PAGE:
A related mystery, at least to me, is those who have access to a computer screen 24-7 yet check their email only once every few days (sometimes once a week or even more). All of my professional and most of my social loops contact me by email, and there are as well the odds and ends, like when you get a new follower on twitter, etc. I check my email by clicking on an icon in one of my toolbars and it instantly brings me to my inbox. It's not time-consuming--quite the contrary. So why do some people act as though keeping up with their email is burdensome? It's especially annoying if you want to buy something on eBay but the seller hasn't described the item adequately and you have to ask him a question about it--and it takes him four days to answer.
I have internet, but no cell phone, and don't want one. I am retired, and hate talking on the phone. Never have liked being able to be contacted 24/7, no cell phone so I am not at your disposal anytime someone wants me. Very few calls are that important. I have a landline and I have Onstar in my vehicle so I have phone service in an emergency on the road but almost never use it. It is beyond me what the people who are on phone all the time have to talk about, you aren't that interesting.
My brother has a computer, his wife uses it. He doesn't have a cell phone. Refuses to read on a kindle or other device. This is incredible to me. He and his wife have traveled extensively,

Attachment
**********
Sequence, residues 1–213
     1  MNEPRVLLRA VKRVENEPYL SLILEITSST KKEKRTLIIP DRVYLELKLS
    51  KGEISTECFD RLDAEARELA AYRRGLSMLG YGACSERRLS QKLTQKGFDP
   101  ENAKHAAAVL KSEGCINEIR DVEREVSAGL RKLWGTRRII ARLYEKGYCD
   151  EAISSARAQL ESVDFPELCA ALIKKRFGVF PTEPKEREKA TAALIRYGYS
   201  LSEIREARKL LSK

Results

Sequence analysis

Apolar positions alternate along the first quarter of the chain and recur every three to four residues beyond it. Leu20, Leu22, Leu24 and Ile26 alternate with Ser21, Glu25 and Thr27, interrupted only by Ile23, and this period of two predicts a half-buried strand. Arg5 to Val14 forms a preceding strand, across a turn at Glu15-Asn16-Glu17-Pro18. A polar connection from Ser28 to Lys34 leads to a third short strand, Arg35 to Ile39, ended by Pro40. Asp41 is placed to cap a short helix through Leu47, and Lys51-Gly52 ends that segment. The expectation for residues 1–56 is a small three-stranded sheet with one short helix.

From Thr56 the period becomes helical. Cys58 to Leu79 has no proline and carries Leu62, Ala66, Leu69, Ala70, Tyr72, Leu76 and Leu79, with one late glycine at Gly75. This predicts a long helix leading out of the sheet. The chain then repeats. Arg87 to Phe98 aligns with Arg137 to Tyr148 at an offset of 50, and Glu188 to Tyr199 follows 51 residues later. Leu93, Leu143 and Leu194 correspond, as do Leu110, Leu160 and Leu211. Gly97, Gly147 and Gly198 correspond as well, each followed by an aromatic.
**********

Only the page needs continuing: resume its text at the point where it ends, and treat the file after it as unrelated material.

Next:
both have master's degrees, albeit earned over 20 years ago.
Many older people do not have keyboard/typing skills. Typing was not a required class way back when. Younger people just do not understand sometimes how difficult it might be for them.
[quote]So why do some people act as though keeping up with their email is burdensome?
R58, it's a form of time management. You address your email on a set schedule. This means that you get your work done before addressing the needs of others. It's part of that 'Four Hour Workweek' strategy for getting what you want out of work while avoiding business for the sake of business.
My grandmother, but she's 97. She sort of stopped technology in the 1980s. She still listens to cds rather than mp3, she watches videos rather than dvds and still has a landline.
For Christ sakes, R61, not having a kindle or book reading device is more common than having one.
Most people do not have a kindle or reading device.
You are brainwashed, myopic, and insufferable.
So true, R62. I saw the way the world was going, and I learned to type at age 40.